There are all sorts of reasons why you might want to change your home directory. Maybe you don’t want people being able to easily spot it by traversing your directory tree? You might want to move it to a different partition that has more space? Who knows?

But, this isn’t something you want to do willy-nilly. See, a whole lot of things depend on your home directory and your home directory probably contains a lot of stuff. So, after you’ve changed your home directory you’re probably going to need to move a lot of stuff around. That’s why it’s best to do this with a new user. If you want to practice this, I’d say do it to a new user. There’s a link in the preamble to learn how to create a new user.

The command is remarkably simple. Just open up your terminal and run:

So, if I wanted to move my home to /foo/bar, the command would look like:

You don’t have to specify /home/kgiii – even though that’s the full directory path. The -d command knows that we’re generally talking about the home directory. If you’ve already moved your home directory, and it is outside of the /home directory, you’re probably gonna have to specify that. I don’t actually know, I’ve never tried that.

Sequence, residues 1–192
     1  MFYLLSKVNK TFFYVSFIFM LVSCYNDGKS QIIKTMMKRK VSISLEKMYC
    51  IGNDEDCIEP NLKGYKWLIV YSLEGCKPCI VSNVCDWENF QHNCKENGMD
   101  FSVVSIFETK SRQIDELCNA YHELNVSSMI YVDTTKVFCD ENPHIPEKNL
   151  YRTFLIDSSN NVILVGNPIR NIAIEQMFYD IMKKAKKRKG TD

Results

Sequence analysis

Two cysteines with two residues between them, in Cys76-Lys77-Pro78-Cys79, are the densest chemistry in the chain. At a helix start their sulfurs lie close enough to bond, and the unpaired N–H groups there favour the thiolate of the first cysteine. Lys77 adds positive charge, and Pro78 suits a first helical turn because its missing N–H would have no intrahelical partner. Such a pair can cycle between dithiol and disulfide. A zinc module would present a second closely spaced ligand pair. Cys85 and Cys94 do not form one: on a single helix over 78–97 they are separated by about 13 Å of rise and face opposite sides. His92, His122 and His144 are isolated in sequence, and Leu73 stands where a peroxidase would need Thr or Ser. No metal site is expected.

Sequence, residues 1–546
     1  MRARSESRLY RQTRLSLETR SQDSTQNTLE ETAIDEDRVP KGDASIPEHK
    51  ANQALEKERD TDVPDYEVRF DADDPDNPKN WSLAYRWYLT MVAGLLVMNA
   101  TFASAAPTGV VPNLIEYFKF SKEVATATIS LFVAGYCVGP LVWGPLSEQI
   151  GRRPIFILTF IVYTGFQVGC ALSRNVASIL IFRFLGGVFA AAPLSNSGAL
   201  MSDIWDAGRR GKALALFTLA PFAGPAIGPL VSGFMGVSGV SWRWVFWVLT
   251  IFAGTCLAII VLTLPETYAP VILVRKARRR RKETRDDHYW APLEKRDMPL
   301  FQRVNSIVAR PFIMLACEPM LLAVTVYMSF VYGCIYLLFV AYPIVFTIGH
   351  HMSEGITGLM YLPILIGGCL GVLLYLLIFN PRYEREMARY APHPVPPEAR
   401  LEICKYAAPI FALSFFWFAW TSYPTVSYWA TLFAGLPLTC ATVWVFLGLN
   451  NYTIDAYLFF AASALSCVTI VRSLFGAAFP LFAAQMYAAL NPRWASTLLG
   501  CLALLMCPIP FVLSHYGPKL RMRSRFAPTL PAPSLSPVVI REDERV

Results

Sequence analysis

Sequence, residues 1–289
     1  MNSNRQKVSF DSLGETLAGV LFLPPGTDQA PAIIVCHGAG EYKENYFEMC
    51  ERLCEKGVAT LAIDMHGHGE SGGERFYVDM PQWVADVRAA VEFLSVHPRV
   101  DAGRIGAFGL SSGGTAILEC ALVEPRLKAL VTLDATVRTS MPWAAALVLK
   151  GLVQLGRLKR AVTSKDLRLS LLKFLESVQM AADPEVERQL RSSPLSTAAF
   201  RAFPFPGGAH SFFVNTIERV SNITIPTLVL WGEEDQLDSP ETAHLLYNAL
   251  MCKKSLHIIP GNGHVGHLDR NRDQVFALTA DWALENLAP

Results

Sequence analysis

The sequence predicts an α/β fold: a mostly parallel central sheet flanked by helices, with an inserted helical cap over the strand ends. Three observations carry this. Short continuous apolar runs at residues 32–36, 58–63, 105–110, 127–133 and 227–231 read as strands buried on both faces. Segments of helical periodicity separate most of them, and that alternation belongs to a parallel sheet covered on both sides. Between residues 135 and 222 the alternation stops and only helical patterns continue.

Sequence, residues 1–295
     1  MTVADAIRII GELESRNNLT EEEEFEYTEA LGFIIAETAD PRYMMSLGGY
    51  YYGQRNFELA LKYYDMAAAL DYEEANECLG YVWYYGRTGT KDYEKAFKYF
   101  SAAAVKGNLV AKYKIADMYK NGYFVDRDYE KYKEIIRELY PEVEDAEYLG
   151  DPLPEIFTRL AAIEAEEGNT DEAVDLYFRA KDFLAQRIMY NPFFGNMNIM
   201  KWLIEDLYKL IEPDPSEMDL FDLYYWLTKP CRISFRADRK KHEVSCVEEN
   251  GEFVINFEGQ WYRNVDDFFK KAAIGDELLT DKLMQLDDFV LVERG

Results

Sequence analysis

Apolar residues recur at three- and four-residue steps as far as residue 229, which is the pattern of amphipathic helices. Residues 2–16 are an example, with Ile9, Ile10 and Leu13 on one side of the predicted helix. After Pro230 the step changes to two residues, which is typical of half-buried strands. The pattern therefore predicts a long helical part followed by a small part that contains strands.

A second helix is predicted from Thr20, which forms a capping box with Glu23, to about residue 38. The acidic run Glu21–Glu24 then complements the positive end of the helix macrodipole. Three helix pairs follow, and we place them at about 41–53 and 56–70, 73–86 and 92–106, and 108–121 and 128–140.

This isn’t something I’d undertake lightly. I’d really only recommend this on a new user OR if there are some very specific circumstances. You might do this if you’ve filled up your disk space, added a new disk, and want to move your home directory to the new disk so that you don’t have to muck about with changing partitions or anything. Even then, it’s a bad solution – but probably one of the best solutions you have available.


Consider this an article that’s for a very special set of circumstances. It’s for when someone on a forum has run out of disk space and wants a way out without any changes to partitioning and doesn’t want to reinstall. This isn’t something you probably need to go playing around with, but you can. I ain’t stopping you. The potential to make a mess of this is pretty strong.

Thanks for reading! If you want to help, or if the site has helped you, you can donate, register to help, write an article, or buy inexpensive hosting to start your own site. If you scroll down, you can sign up for the newsletter, vote for the article, and comment.